Author [NL] [FR] [ES] [DE] [SE] [IT] Topic: Broken Gear Return Spring replacement DIY  (Read 1271 times)

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  • Online Fazer   gb

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    Re: Broken Gear Return Spring replacement DIY
    Reply #10 on: Dec 01, 2021, 02.35 pm
    Dec 01, 2021, 02.35 pm
    ÖÖ Like most of us I'm cynical of garages, also having worked in one, so we will never know but I wonder what they recovered, if anything, from the sump ... was there really a missing broken part and sump removal really necessary or was it plausible work creation.

    I may be talking a load of bollocks here but couldnít they have just drained the oil then pushed an endoscope into the drain hole to check if there was any sign of extraneous pieces of metal lying in the sump? Obviously, if there was anything suspicious it might then have been necessary to be more invasive.

  • Offline Londonglide   gb

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    Re: Broken Gear Return Spring replacement DIY
    Reply #11 on: Dec 01, 2021, 03.38 pm
    Dec 01, 2021, 03.38 pm
    *Originally Posted by Fazer [+]
    I may be talking a load of bollocks here but couldnít they have just drained the oil then pushed an endoscope into the drain hole to check if there was any sign of extraneous pieces of metal lying in the sump? Obviously, if there was anything suspicious it might then have been necessary to be more invasive.

    I would imagine dealers would generally not have too much flexibility on what they could or couldn't do, and the old Ar*e covering scenario may be relevant too.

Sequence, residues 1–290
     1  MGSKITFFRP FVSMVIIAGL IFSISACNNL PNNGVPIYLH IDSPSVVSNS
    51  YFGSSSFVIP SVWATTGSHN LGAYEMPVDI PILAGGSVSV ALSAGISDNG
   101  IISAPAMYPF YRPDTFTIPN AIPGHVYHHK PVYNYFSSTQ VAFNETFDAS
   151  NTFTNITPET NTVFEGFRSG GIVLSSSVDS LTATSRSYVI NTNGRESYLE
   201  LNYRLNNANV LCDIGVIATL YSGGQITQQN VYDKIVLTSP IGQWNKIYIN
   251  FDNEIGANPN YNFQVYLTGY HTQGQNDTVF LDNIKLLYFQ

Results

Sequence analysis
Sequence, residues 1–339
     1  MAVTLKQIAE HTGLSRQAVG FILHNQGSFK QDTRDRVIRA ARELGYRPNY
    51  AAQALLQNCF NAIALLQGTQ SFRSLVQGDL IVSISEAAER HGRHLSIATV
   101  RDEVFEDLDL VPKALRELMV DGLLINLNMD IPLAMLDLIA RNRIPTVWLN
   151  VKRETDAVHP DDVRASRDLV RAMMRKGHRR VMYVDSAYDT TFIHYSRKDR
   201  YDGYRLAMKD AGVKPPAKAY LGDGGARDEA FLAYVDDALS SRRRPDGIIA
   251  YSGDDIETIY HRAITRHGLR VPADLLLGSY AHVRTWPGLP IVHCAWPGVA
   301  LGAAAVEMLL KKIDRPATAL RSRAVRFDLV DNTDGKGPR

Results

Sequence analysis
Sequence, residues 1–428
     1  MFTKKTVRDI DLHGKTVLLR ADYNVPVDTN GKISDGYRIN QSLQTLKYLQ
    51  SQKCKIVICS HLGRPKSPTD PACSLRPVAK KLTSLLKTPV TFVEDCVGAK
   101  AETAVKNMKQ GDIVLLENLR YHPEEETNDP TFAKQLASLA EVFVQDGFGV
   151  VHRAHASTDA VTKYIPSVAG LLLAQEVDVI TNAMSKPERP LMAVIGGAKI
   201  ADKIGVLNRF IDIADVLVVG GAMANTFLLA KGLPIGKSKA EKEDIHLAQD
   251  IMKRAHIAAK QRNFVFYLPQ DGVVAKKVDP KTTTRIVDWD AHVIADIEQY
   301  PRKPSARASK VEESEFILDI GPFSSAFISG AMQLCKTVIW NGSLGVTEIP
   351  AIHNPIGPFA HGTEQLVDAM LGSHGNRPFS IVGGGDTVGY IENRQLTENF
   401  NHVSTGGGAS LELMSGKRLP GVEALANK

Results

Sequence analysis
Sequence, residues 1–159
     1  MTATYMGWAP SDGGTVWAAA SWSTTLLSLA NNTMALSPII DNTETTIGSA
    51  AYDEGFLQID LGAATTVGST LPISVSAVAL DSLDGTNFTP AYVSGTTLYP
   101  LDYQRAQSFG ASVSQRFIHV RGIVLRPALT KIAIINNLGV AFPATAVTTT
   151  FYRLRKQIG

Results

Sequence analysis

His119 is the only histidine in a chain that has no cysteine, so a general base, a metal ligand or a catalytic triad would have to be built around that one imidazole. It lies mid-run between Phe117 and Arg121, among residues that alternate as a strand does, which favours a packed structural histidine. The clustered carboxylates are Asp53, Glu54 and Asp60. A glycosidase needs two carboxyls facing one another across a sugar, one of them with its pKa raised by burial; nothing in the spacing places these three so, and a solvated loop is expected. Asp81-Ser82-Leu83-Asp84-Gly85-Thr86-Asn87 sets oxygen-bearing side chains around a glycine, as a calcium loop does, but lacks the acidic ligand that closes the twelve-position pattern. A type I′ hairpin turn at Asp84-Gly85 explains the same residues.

• Offline craggsy

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    Offline craggsy

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    Re: Broken Gear Return Spring replacement DIY
    Reply #12 on: Dec 01, 2021, 03.42 pm
    Dec 01, 2021, 03.42 pm
    The spring was just over £3. The part number is the one shown on my list.

    No more cynical than me, but I believe they found a bit in the sump.

    I think they mentioned filters in the sump, which may be there to stop a disaster, but I donít know. There was no oil filter replacement on the jobsheet so Im not sure to what they were referring .
    I really need to get a Haynes manual for Xmas.

    Iíve seen the pin mod on here, looks good.

    To but to be honest the whole lot its seems an under specified mechanism.

    Another point, as i picked it up there was an big judder on the clutch. They took it back and fixed within a couple of hours (makes you think). Apparently, you can remove the clutch without draining the oil? on the side stand

     I asked if it was the judder spring being put in the wrong way. They said the judder spring did not come out? and it was due to warped clutch plates. The fix was to align the plates close to the way the come out.

    Defo need a Haynes.

  • Online Stevie.P   gb

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    Re: Broken Gear Return Spring replacement DIY
    Reply #13 on: Dec 01, 2021, 04.17 pm
    Dec 01, 2021, 04.17 pm